This is a year like no other.

We just celebrated another holiday under a pandemic, with all of the restrictions, not being able to do what we want, go where we want, eat where we want, recreate where we want. Schools, libraries, beaches, swimming pools, movie theaters, and public gatherings are closed to us. The pandemic won’t let us live the way we want to live. Many can’t wait for things to get back to “normal”.

Some of us are learning about the restrictions of a pandemic for the first time. Yet communities of color have been living with the pandemic of racism for decades, centuries actually, being restricted daily on where and how to live, where and how to travel, where and how to gather, just to survive.

Our country cannot afford to go back to “normal.” We whites need to learn about the history of our country not told in the history books. Native American history is part of U.S. history. So, too, is the history of African Americans, Latinx Americans, Chinese Americans, and all Americans. U.S. history is more than just European American history.

It is time to educate ourselves on our collective history.

The Fourth of July is a celebration of the birth of the United States, when our founding fathers declared:

“We hold these truths to be self-evident, that all men are created equal, that they are endowed by their Creator with certain unalienable Rights, that among these are Life, Liberty and the pursuit of Happiness.”

Yet, it would be nearly two centuries later that some Americans could actually hope for those words to be true.

Janesville Access Television periodically shows a keynote address by Dr. Jacqueline Battalora from the 2019 YWCA Rock County Racial Justice Conference, entitled “Going Back to Go Forward”, which I encourage you to watch. The former Chicago police officer explains how whiteness is baked into the DNA of our country. One of the keynotes for this year’s upcoming racial justice conference is author James Loewen, who will present on American history not shared in textbooks as well as on sundown towns.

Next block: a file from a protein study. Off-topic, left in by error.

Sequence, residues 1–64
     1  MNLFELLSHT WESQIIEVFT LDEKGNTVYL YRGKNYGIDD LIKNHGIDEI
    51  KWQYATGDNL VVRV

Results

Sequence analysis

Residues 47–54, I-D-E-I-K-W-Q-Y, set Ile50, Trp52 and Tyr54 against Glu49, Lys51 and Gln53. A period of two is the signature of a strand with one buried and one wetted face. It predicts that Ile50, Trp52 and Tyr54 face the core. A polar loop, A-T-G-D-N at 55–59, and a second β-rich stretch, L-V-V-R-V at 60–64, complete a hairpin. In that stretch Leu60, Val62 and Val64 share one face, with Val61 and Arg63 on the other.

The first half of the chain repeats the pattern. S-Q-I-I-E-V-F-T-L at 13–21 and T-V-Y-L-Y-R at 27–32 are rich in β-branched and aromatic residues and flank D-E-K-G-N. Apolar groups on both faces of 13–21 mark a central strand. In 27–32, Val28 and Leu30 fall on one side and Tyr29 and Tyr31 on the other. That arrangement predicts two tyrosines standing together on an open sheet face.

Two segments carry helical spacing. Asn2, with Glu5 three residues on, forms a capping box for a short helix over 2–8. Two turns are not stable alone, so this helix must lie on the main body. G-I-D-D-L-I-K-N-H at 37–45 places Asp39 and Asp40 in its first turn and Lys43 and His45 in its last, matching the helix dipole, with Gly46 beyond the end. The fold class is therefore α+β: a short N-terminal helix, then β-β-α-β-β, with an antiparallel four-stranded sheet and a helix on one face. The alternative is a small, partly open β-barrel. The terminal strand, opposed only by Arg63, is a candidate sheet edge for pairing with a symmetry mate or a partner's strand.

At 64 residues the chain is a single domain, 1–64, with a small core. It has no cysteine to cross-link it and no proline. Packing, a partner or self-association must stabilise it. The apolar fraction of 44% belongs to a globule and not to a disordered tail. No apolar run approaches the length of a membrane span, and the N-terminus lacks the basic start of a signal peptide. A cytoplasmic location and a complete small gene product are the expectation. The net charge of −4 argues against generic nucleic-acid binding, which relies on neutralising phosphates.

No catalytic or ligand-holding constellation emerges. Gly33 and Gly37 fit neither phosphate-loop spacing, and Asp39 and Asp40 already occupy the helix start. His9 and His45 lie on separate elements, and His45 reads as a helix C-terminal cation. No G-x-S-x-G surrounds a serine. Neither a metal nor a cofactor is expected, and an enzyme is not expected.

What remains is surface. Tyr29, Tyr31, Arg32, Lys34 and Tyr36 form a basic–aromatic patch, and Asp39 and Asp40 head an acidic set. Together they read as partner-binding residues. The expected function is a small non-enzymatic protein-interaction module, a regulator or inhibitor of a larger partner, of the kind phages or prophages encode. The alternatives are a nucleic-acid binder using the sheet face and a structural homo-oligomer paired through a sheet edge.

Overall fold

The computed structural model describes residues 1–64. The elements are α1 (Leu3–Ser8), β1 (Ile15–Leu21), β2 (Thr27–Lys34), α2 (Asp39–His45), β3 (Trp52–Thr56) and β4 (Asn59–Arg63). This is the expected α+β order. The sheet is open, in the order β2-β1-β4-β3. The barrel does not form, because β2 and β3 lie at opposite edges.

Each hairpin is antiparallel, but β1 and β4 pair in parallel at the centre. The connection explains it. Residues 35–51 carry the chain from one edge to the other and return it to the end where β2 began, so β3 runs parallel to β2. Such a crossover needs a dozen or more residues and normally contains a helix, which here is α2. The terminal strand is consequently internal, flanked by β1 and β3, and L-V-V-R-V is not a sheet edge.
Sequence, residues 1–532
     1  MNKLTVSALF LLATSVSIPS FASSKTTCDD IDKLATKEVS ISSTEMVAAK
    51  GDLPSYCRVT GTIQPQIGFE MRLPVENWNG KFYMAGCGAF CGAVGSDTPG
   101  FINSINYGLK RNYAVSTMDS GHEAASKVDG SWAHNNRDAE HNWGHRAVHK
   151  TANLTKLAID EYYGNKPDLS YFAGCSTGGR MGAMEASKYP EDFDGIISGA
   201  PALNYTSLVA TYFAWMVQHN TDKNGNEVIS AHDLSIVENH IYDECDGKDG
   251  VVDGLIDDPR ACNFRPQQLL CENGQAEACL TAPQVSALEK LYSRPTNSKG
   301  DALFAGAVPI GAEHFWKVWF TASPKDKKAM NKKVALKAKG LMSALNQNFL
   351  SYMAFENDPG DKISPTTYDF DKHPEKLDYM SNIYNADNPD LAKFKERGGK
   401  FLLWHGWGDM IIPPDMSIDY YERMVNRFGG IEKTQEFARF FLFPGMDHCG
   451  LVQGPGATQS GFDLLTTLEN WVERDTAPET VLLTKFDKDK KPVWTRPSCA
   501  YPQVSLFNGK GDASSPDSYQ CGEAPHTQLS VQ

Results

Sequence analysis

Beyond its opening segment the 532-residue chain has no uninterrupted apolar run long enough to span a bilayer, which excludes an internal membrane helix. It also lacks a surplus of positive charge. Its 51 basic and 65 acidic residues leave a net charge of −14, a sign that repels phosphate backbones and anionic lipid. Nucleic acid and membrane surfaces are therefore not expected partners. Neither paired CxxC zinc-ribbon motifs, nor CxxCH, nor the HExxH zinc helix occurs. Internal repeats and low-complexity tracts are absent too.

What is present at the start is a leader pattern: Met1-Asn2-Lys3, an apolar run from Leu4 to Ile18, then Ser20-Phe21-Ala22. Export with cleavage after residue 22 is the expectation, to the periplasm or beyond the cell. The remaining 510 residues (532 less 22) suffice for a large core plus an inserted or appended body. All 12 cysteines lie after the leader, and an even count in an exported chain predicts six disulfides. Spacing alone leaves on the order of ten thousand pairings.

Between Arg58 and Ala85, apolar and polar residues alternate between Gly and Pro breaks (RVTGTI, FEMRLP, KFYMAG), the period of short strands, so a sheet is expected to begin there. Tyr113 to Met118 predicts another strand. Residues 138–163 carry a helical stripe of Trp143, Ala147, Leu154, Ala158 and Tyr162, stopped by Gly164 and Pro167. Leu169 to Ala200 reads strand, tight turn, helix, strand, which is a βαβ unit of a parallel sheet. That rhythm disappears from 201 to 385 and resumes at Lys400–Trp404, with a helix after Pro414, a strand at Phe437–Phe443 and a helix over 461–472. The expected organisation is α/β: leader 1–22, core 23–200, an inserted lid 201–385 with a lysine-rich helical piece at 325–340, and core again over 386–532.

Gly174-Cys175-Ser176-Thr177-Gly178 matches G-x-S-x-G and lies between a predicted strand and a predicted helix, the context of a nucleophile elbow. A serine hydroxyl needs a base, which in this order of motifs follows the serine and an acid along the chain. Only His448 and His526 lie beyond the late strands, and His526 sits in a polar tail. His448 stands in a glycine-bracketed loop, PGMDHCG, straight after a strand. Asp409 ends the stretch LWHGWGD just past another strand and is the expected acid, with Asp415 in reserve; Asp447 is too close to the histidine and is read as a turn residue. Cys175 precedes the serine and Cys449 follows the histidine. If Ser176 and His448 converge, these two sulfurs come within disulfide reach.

Recent current events have started the education process for many white Americans on our shared past. Juneteenth, (June 19, 1865) also called Freedom Day, Jubilee Day and Liberation Day, has been celebrated for over 150 years by African Americans. It was the day the last slaves held in bondage were freed in Texas, a full two and a half years after Lincoln’s Emancipation Proclamation.

Join the YWCA and the Elite Ladies of Beloit in June 2021 for our local Juneteenth celebration.

You have now heard of the events in Tulsa in 1921, whites destroying black Wall Street, at that time the wealthiest black community in the U.S. Yet Tulsa was not an isolated incident concerning the destruction of black-owned property. Inform yourself about Memphis 1892; Springfield, Illinois, 1908; Chicago 1919. The list continues.

Polls say the majority of Americans support Black Lives Matter. Are you aware there is no national hierarchy for this organization? It is member led at the local level. Want to learn more about BLM? Join us Aug. 20 as the Diversity Action Team and YWCA Rock County host a program on Black Lives Matter.

As we come out from the COVID-19 pandemic, there are hopeful signs that we may be stepping out from the racism pandemic. The NFL announced that before the football games the first week of the season the black national anthem will be played. Did you know there was a black national anthem? “Lift Every Voice and Sing” has been sung for well over 100 years! It was first performed in 1900 by segregated school children in Florida in honor of Abraham Lincoln’s birthday. I challenge you to learn the words prior to the start of the NFL season and sing along.

It is past time to educate ourselves on our collective shared American history. The information is readily accessible, including local programs right here in Rock County.

Bear in mind, when you know better, you need to do better.

Vicki Brown is the YWCA Rock County racial justice coordinator.